I have seen constant posts in Facebook groups that I’m a part of for the FRS/BRZ/86 platform that go something like this: “What are your mods and WHP numbers?”

What ensues is a complete shit-show of a dick measuring contest. I’m tired of seeing it over and over, so here is a long-winded post about why this bench-racing effort is mostly futile, and what the most viable solutions are to this issue. I’m sure this same thing happens within every circle of car enthusiasts.

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The most important factor: every dyno reads differently.

A bunch of us in these groups/clubs have had our cars on the dyno with a variety of different modifications. But, there is no one “reference” dyno that everyone uses. We have all used a variety of different tuners who use different types of dynos (Dynojet, Dynapack, DynoDynamics, Mustang, etc.) that all bring their own ways of reading wheel power, and with that, have different correction factors. Even two dynos of the same exact model won’t read exactly the same. Calibration and correction factors once again can swing numbers around.

In summary: The tape measure you use matters just as much as what your packin’ if your talking strictly numbers.

Just asking for numbers from people is irrelevant w/o knowing what the baseline of a stock car is on the same dyno they ran their vehicle on - ideally the same car before/after mods and tune, on the same day.

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With the baseline, you can get the truly important metric when measuring engine modifications - percentage gain, as well as the increase in area under the curve.

Here’s an example with my “Stage 2+” (I think) 2017 BRZ. My mods are as follows:

- JDL 4-2-1 EL Header

- Stock Air Intake with a new OEM Paper Air Filter

- Stock Over Pipe

- Stock Front Pipe

- Invidia R400 Catback

- Custom Dyno Tune from OnPoint Dyno

My car was tuned by Sasha with OnPoint Dyno. For reference, stock BRZ/FRSes make anywhere from 140-150ish whp on this dyno. How can I prove this? Check the link and come back and keep reading below:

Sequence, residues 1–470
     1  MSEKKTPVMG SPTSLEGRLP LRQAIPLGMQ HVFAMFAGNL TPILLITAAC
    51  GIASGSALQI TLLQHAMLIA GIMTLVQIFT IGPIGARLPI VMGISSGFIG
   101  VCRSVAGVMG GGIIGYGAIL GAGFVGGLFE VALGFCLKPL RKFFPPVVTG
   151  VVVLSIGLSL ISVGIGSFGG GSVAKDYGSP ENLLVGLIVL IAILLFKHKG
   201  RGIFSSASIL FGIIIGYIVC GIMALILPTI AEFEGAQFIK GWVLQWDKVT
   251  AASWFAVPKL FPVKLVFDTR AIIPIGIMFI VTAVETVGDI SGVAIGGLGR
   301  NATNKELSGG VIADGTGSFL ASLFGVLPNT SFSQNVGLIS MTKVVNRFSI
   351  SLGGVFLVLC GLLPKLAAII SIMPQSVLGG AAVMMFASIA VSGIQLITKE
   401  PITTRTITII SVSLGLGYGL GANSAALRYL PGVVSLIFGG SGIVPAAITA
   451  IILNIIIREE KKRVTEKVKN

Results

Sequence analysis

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This basically stock FRS in the link above dyno’d at 155whp with the stock tune, an axle back exhaust and a Grimspeed Intake, which is the only aftermarket intake that actually produces reasonable gains on the factory tune (anywhere from 6 to 10whp depending on the dyno). From talking to Sasha as well as conservatively looking at the gains from the Grimmspeed dyno, you could estimate a completely stock FRS/BRZ/86 to pull around 150whp and 131wtq.

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My car made 176whp and 153wtq on the same dyno. Note that the baseline on my graph is not accurate as the car already had the mods installed on the vehicle.

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Therefore, high level, the approximate percentage peak gains are about:

- +17.3% WHP

- +16.8% WTQ

And these are just the peak gains, not including the significant area under the curve increase (especially around the torque dip).

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Now, when scouring through the ft86club forums, generally, it looks like Drift Office’s DynoJet is representative of an average baseline for most places, with stock FRS/BRZ/86‘s putting down around 167whp.

That baseline number is an +11.5% difference compared to OnPoint’s baseline dyno.

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With this information, I decided to do some maths. Take that “forum average” baseline, and then apply a correction factor to my OnPoint numbers. The correction factor would be the 11.5% difference between the two dyno’s baseline numbers.

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See how my car is at almost 200whp now? The percentage gains didn’t change at all from baseline to Stage 2+! Only the baseline number has increased.

Now is this method perfect? Of course not. Even compensating for “correction factor”, this is still a theoretical value given that the baseline cars were two different stock cars, where there can be variance between them.

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So now, what’s the best method of comparison then? If you want to look at numbers, Dyno Days are usually the closest you can get when comparing cars side by side. This means that any car that wants to participate will be running on the exact same dyno, under the exact same conditions, on the exact same day. That way, the most important variance in comparing cars and their mods/tunes (the Dyno) has now been removed.

In having a few stock vehicles as well as a whole host of cars with different modifications and tuning methods - this should provide the most objective base of comparison that we can hope for.

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But above all else, if you’re shopping for parts and trying to compare the increase in performance, look at the percentage gains - not just raw numbers.